• Lisa Spector says:

      This is music to my ears Patty. So glad to hear how much iCalmDog has helped Dalton’s anxiety. Great idea on the lavender oil as well. Happy zzz’s to Dalton during the fireworks.

  22. Dorie says:

    I use the fireworks cd and icalm for 2 weeks before. Then on the 4th, we usually play a superhero movie, pretty loud, and have 2-3 stuffed kongs per dog (2 dachshunds and 1 rough coat collie who is completely neurotic,agoraphobic and sound sensitive but he loves his treats, his icalm and all people). Sometimes, though, its just corralling them around us with leashes and treats til things calm down. The bird doesn’t help though because he mimics the fireworks and knows how to get the dogs upset so he goes in the back bedroom! It’s a zoo here!

  23. Myke says:

    Just ordered the phobia series since this is the first year in many decades Iowa has legalized fireworks and people are going crazy night and day with them. I’ll have to check with their vet to see if it’ll be to stressful to try to desensitize this year. i.e Adding more fireworks to their day vs as much quiet time as possible. Any thoughts?

    What we currently use is louder than normal TV and box fans for me and the animals when they aren’t to bad. After we get back from walking in the quiet country, Mutt Muffs at night when the fireworks are at there worst.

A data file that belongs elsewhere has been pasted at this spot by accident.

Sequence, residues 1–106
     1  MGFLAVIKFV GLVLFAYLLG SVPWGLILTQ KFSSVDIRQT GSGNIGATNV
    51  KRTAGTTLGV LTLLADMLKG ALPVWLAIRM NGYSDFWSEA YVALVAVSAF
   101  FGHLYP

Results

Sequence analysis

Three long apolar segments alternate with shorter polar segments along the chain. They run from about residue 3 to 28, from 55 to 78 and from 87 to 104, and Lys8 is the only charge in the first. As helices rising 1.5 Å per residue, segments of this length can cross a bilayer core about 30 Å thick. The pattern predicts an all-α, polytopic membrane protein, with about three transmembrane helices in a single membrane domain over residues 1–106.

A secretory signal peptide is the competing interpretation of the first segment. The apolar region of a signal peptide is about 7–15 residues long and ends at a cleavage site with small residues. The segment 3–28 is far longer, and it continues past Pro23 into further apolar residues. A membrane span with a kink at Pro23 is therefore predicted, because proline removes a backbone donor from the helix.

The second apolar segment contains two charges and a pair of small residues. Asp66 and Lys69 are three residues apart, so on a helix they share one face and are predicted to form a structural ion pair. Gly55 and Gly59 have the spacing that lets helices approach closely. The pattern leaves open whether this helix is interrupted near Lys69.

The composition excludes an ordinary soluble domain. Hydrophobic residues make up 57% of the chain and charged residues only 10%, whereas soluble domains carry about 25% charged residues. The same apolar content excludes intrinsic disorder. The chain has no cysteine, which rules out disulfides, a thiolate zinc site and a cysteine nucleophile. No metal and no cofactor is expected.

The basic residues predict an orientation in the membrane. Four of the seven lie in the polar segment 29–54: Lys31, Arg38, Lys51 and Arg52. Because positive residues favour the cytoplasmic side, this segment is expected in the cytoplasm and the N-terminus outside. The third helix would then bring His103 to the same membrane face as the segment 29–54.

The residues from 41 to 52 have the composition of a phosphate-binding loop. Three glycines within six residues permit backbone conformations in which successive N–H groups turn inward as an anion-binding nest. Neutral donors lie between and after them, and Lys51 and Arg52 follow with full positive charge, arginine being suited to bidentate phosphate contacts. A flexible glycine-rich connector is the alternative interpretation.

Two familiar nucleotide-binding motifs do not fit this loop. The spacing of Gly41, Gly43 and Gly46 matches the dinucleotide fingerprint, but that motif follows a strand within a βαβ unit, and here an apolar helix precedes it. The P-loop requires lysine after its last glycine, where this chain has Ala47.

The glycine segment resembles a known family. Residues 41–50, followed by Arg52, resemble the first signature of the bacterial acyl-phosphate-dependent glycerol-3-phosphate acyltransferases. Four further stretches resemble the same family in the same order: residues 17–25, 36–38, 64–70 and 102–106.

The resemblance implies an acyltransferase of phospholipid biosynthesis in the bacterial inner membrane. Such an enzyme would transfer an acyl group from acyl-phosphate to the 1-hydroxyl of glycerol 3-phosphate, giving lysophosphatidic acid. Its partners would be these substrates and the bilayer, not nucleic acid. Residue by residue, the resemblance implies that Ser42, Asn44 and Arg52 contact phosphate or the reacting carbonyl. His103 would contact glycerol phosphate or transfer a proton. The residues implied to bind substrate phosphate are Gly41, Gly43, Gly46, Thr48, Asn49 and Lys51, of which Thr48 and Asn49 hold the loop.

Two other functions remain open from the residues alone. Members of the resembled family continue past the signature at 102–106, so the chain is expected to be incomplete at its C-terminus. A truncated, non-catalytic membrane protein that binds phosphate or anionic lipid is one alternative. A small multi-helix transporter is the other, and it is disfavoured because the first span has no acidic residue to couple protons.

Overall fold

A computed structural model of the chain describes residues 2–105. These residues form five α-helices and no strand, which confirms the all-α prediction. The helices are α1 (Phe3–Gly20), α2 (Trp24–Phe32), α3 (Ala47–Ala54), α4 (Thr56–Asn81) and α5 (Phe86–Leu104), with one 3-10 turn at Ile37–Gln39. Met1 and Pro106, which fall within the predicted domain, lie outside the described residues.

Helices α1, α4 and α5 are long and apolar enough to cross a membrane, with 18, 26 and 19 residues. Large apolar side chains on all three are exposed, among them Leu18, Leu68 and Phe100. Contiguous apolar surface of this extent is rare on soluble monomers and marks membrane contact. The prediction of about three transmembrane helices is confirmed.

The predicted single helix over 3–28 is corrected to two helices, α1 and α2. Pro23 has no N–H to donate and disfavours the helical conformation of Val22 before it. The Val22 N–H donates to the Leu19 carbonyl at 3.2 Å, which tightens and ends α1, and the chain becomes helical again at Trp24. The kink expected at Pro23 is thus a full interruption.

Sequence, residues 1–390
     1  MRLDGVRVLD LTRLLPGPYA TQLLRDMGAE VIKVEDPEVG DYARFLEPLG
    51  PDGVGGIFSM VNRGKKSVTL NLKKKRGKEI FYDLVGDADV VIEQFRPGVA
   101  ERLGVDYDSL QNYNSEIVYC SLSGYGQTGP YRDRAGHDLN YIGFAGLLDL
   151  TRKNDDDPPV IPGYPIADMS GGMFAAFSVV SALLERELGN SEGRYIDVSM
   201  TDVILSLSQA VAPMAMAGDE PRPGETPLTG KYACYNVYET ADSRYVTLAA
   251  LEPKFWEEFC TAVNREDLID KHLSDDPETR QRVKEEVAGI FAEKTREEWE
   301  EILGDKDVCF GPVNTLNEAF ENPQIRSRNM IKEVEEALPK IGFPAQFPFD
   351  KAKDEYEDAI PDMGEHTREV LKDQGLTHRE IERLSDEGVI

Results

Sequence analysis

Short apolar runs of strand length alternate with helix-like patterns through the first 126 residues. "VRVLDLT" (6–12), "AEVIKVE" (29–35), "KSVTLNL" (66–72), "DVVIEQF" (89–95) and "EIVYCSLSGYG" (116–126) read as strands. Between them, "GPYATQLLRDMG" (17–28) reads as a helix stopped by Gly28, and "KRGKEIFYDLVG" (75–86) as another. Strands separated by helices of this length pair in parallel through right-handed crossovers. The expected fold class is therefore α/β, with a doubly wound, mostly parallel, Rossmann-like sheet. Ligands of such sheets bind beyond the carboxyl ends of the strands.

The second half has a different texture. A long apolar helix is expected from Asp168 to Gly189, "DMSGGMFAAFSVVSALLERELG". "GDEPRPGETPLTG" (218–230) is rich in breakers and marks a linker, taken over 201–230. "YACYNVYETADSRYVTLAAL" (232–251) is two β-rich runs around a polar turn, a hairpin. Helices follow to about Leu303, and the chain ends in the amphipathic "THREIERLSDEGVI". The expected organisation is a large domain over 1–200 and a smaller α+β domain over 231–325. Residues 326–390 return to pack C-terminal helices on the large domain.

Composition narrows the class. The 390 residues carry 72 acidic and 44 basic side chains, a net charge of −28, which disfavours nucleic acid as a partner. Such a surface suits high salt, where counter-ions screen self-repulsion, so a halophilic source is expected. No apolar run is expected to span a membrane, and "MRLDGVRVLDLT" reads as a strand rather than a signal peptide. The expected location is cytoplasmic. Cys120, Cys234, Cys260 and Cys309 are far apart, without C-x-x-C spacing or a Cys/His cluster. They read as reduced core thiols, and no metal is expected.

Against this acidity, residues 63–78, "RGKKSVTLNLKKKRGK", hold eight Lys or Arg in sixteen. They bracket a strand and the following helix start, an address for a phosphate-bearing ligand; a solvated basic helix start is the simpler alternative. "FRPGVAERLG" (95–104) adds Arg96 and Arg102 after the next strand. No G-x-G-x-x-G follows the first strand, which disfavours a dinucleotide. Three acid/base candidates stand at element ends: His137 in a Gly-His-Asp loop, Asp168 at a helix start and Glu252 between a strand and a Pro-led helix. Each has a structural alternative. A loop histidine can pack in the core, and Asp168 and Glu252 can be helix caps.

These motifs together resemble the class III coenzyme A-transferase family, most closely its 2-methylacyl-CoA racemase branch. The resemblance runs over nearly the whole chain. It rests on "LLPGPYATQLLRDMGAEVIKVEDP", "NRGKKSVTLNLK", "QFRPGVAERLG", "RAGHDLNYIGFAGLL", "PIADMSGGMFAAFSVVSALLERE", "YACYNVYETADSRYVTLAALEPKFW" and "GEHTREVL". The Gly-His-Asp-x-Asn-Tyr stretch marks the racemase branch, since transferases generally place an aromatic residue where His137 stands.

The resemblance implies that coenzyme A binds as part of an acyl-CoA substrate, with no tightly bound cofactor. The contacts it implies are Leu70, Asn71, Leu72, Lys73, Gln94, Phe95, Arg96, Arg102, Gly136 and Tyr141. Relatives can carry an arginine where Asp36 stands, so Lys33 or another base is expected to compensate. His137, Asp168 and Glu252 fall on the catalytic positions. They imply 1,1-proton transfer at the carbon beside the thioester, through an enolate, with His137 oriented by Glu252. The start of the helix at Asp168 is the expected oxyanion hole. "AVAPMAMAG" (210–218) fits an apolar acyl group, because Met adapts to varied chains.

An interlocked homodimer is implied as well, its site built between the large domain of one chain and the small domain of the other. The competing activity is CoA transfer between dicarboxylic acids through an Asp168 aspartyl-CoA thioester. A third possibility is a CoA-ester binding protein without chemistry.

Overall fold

I’ve heard that some people will put earbuds inside the Mutt Muffs at a very low volume to help lessen the fireworks noise even more.

    • Lisa Spector says:

      Hi Myke – Thanks for your order and question. There shouldn’t be anything stressful about adding desensitization, particularly because the clinically tested calming music is underneath the progressive fireworks sounds. Please follow the included training protocol by Victoria Stilwell. There are several tracks on the progressive sounds. So, if one tracks gets too loud, then take a break, do something rewarding for your dog, and start over later with an earlier track. More details on instructions in your packet.

      I’m not familiar with Mutt Muffs, but that additionally sounds like a good plan.

      Thanks for being such a conscious pet parent.

  24. Myke says:

    Thanks for your advice.